The Supreme Court Rules an Error in a Will Should Not Necessarily Invalidate it

In the recently concluded case of Marley v Rawlings and Another [2014] UKSC 2, the Supreme Court ruled that an error relating to a signature in Wills will not necessarily invalidate it.

Helen Vorley, of Astle Paterson’s Wills & Probate department said that “In this case it was plain to see that both the husband and wife intended to sign their own Wills – but unfortunately they signed each others.”   Whilst it has previously been set out that a Court does have power to rectify “clerical errors” made in Wills (usually typographical errors and the like), the Supreme Court has extended the meaning of “clerical error” in this case by ruling that the error in signing should not invalidate the Will.   I believe the Supreme Court has taken a common sense approach to a what is a simple mistake.

However, I would advise caution; it will continue to be crucial that a draft Will is always read thoroughly and that people ensure they fully understand the effects of the Will before signing the document.   If a Will is called into question, and the matter proceeds to Court, then the Court process itself can cause distress and upset for all involved and can place a financial strain on the parties.  This can be avoided if all matters are properly carried out in the first place.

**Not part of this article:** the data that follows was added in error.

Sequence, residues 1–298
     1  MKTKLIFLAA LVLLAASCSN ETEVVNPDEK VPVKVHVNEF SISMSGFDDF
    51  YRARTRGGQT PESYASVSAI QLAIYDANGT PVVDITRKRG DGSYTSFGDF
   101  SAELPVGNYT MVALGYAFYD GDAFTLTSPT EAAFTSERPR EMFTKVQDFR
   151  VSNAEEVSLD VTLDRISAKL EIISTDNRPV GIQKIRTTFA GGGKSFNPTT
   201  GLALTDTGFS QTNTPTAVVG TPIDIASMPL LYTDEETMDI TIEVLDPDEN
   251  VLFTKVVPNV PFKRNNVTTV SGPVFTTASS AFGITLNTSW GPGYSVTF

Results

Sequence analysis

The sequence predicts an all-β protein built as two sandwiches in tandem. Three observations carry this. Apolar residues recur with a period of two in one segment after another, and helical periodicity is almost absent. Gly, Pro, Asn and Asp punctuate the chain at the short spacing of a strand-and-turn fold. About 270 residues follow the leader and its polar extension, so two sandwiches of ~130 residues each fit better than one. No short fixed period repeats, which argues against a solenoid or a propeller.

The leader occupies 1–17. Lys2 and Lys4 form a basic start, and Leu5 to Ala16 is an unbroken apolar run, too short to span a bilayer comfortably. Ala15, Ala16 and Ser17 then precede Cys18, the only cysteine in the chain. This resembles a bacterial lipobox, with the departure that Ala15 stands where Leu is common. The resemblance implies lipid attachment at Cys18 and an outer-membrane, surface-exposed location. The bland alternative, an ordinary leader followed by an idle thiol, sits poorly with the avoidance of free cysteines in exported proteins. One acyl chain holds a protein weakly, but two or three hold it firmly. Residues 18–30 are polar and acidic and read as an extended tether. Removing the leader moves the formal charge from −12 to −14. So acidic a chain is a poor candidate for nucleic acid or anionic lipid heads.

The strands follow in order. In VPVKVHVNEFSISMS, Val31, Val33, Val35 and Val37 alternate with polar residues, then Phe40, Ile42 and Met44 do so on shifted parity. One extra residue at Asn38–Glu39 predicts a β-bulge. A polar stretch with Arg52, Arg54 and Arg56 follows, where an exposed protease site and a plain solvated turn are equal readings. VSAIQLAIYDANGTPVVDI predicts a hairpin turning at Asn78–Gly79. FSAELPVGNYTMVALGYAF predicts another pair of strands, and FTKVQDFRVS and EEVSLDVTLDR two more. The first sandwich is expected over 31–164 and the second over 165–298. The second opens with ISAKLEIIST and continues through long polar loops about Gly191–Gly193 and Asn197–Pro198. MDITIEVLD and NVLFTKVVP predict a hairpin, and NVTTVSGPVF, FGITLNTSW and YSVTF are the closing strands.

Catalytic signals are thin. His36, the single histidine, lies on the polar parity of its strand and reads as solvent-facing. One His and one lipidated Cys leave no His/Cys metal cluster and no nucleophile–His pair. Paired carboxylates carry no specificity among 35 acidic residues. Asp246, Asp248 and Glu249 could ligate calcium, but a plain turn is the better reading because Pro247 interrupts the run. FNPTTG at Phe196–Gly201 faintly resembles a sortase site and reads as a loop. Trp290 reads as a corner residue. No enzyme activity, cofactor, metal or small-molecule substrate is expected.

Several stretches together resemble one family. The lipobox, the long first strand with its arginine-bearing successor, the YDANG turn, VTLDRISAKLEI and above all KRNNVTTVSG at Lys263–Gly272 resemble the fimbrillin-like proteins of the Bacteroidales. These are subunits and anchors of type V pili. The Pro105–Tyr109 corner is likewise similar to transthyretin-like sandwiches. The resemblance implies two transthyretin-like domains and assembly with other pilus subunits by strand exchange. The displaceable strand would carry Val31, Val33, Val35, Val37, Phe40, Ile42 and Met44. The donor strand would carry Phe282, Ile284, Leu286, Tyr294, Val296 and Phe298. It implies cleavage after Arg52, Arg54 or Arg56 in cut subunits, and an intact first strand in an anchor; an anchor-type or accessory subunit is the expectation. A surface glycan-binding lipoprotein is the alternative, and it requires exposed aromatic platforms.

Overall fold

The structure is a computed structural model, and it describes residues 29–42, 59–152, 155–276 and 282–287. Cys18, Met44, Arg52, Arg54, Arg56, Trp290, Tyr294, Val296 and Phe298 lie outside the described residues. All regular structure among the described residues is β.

At Astle Paterson we ensure that our Wills are thoroughly checked before our clients sign their Wills – and further, we check the document again before placing it in our storage facility; after the Will has been signed.

Please contact Helen Vorley, of Astle Paterson’s Wills & Probate department on 01283 531366 or by way of email at .

Please click here to view the Judgment of Marley v Rawlings and Another [2014] UKSC 2

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